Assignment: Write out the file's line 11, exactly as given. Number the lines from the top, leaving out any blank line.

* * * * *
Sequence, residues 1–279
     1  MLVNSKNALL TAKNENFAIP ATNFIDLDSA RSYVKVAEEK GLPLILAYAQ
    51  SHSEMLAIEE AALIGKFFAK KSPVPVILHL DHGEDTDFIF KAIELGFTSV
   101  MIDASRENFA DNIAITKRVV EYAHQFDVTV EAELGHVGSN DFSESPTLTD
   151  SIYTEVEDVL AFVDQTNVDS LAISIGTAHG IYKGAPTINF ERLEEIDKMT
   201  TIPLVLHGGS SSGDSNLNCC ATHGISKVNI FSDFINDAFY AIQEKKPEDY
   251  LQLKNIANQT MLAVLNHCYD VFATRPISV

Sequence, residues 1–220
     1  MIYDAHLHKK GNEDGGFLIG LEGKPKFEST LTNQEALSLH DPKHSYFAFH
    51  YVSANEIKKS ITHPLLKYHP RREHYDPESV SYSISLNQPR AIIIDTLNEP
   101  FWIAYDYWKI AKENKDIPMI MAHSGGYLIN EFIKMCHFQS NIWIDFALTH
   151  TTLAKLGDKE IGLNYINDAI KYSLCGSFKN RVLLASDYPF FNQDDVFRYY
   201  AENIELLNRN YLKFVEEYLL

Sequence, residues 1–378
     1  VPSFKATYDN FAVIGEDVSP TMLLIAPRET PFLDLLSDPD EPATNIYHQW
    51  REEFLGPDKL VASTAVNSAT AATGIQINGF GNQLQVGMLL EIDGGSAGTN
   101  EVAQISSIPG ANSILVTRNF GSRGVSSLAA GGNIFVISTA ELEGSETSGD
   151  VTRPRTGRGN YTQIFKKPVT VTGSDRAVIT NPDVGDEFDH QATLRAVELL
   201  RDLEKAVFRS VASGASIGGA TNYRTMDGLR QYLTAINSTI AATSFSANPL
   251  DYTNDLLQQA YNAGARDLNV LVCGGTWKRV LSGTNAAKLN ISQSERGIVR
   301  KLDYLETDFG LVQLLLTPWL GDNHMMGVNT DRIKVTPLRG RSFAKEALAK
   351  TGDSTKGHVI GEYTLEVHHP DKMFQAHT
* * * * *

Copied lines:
   101  FWIAYDYWKI AKENKDIPMI MAHSGGYLIN EFIKMCHFQS NIWIDFALTH